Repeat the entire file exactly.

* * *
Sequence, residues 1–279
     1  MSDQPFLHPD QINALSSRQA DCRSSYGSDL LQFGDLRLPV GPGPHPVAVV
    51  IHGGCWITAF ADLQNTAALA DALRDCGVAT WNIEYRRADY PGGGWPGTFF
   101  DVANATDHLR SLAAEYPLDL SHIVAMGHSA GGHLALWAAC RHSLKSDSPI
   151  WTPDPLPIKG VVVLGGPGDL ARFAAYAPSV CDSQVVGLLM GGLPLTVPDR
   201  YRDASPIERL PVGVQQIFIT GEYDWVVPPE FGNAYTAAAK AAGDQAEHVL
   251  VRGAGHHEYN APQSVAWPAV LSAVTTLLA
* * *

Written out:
Sequence, residues 1–279
     1  MSDQPFLHPD QINALSSRQA DCRSSYGSDL LQFGDLRLPV GPGPHPVAVV
    51  IHGGCWITAF ADLQNTAALA DALRDCGVAT WNIEYRRADY PGGGWPGTFF
   101  DVANATDHLR SLAAEYPLDL SHIVAMGHSA GGHLALWAAC RHSLKSDSPI
   151  WTPDPLPIKG VVVLGGPGDL ARFAAYAPSV CDSQVVGLLM GGLPLTVPDR
   201  YRDASPIERL PVGVQQIFIT GEYDWVVPPE FGNAYTAAAK AAGDQAEHVL
   251  VRGAGHHEYN APQSVAWPAV LSAVTTLLA